MONTREAL, Quebec, March 21, 2012 (LifeSiteNews.com) – Yesterday’s appointment of a religiously orthodox, pro-life bishop to head the Montreal Archdiocese is a perfect example of how Pope Benedict XVI, with the advice of Cardinal Marc Ouellet, is using Quebec as a model for how to “reform an episcopate” and “provide new leadership for the Church,” writes Fr. Raymond de Souza in a new column for Canada’s Catholic Register.
Archbishop Lepine, 60, was working as a parish priest only eight months ago when he was first tapped as an auxiliary bishop for Montreal. He was only a bishop for six months before his appointment to head up Canada’s second largest diocese yesterday.
According to Fr. de Souza, this “dramatic” elevation “has drawn attention to Canada as the exemplar of how an episcopate can be reconfigured for the challenges of the new evangelization.”
Catholic observers have frequently noted that Catholic leaders in la belle province have been a leading force in the spread of liberalism in the Church in Canada, beginning four or five decades ago as the former Catholic stronghold rapidly secularized in the wake of the Quiet Revolution.
Lepine’s appointment has been welcomed by pro-life leaders, who note that he has been a champion of Bl. Pope John Paul II’s teachings on authentic human sexuality, known as the ‘theology of the body’.
He replaces Cardinal Jean-Claude Turcotte, whose twenty-two years at the helm were marked, in part, by a strained relationship with the pro-life movement – most especially when he made the decision to preside at a state funeral in 2000 at Montreal’s Notre Dame Cathedral for Prime Minister Pierre Trudeau, who was the architect of the 1969 legalization of abortion and the Canadian Charter of Rights and Freedoms that led to the meager abortion restrictions being tossed by the Supreme Court in 1988.
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Turcotte was praised in 2008, however, when he made national headlines after choosing to return his Order of Canada in protest of the Governor General’s decision to award the Order to leading Montreal abortionist Henry Morgentaler.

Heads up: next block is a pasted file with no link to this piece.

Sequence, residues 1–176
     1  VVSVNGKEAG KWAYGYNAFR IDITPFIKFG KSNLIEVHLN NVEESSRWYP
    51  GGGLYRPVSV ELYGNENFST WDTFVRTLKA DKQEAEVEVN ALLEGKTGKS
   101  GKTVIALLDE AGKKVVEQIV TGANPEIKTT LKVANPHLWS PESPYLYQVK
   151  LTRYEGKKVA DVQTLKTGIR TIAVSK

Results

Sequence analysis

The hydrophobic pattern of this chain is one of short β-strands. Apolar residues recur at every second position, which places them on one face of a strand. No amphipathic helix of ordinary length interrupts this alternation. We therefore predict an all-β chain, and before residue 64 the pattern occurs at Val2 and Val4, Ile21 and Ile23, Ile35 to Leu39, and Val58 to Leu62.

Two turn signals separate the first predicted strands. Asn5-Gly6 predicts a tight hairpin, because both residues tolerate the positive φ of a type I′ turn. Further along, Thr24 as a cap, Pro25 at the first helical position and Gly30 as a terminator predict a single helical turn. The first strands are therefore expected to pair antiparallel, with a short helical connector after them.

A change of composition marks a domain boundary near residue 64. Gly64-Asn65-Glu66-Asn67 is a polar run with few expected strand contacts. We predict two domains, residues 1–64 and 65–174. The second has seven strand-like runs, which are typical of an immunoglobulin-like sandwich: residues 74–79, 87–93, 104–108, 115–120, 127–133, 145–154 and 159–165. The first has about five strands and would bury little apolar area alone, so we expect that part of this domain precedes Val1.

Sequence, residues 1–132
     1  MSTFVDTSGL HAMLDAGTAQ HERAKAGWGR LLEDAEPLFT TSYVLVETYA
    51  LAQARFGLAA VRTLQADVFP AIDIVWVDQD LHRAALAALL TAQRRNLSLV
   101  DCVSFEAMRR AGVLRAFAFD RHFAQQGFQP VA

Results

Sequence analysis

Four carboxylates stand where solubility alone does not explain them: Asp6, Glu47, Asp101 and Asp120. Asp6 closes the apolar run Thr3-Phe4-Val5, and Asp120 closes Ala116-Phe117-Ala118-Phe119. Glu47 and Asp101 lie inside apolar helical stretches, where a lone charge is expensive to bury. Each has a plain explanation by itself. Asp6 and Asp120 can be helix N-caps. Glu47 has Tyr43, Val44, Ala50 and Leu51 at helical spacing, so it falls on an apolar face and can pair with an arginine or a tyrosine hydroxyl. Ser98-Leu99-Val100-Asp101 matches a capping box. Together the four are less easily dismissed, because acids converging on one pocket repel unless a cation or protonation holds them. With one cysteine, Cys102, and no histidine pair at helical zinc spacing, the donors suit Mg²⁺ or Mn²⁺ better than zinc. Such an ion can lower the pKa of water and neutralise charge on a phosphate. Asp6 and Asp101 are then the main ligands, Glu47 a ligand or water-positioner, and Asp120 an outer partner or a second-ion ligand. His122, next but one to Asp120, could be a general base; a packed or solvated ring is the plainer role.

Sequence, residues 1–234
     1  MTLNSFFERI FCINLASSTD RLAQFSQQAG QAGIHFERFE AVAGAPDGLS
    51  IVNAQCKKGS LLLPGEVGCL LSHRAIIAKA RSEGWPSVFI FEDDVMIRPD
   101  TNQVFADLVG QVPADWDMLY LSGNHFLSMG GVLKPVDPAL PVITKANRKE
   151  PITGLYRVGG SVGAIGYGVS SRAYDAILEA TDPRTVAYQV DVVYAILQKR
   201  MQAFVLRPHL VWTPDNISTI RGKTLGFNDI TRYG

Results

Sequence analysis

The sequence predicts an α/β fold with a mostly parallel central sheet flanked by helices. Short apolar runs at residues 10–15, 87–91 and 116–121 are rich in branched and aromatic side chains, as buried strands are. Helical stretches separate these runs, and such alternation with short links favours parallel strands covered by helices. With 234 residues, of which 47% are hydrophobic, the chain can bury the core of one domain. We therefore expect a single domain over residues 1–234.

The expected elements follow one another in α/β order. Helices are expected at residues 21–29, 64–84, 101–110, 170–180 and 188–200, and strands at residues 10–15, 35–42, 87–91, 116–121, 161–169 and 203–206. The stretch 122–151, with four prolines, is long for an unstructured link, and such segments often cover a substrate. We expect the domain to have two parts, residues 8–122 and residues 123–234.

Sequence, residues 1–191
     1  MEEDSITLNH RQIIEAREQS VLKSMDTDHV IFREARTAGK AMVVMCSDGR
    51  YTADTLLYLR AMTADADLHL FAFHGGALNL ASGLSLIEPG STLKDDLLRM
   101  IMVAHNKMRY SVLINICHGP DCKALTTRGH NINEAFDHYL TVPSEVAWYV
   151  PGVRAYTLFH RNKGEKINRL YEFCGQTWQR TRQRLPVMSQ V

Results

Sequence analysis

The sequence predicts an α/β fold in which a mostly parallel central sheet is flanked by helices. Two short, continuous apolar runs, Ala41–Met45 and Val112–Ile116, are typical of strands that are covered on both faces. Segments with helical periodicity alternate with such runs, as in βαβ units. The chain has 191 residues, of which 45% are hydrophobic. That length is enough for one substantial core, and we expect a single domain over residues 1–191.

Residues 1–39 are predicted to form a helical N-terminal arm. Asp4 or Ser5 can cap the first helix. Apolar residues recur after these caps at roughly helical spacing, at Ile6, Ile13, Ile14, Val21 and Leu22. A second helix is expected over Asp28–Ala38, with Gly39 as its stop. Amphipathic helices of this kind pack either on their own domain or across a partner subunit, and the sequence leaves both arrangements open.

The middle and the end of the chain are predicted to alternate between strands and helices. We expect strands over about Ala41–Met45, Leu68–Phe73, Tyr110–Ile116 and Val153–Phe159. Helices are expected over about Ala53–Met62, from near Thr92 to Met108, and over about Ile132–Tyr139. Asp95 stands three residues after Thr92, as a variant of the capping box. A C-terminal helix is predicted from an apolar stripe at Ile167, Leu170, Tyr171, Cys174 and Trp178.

But the praise was quickly dampened when the Cardinal made ambiguous statements in Quebec media on the Church’s sexual teaching and abortion, including his refusal to be labeled “pro-life” and his suggestion that there could be “almost no other choice” than abortion in certain cases.
Fr. de Souza, a prominent priest-commentator who hails from the Kingston Archdiocese and recently launched Convivium, a magazine on religion and public life, says the spate of new episcopal appointments to Quebec since Ouellet took over as prefect of the Vatican’s Congregation for Bishops in 2010 make it clear that he has put the renewal of Quebec’s episcopate at the top of his agenda.
The prelate has shunned the “safe option” in appointing bishops, Fr. de Souza writes, which is “to select archbishops from long-serving bishops, and bishops from long-serving auxiliaries, and auxiliaries from long-serving officials in chancery offices.”
The priest lists numerous examples, such as the appointment of Archbishop Gerald Lacroix in February 2011 as Ouellet’s successor in Quebec City, where Lacroix had served as auxiliary bishop for only two years; and that of Bishop Thomas Dowd in July 2011 as auxiliary bishop for Montreal at the “almost unprecedented age” of 40.
“Ouellet evidently decided that the norm in Quebec needed changing, and so has advised the Holy Father to change it — emphatically,” writes Fr. de Souza.
“Renewal in the Church does not depend exclusively, or even primarily, upon bishops,” Fr. de Souza acknowledges. “The Holy Spirit is not constrained to work only through holy orders. Reform and renewal in the Church more often arises from the religious orders and, increasingly, new movements and lay apostolates.”
“Yet,” he adds, “the pastor is critical for the health and vitality of the flock, thus the appointment of bishops remains essential in advancing the mission of the Church.”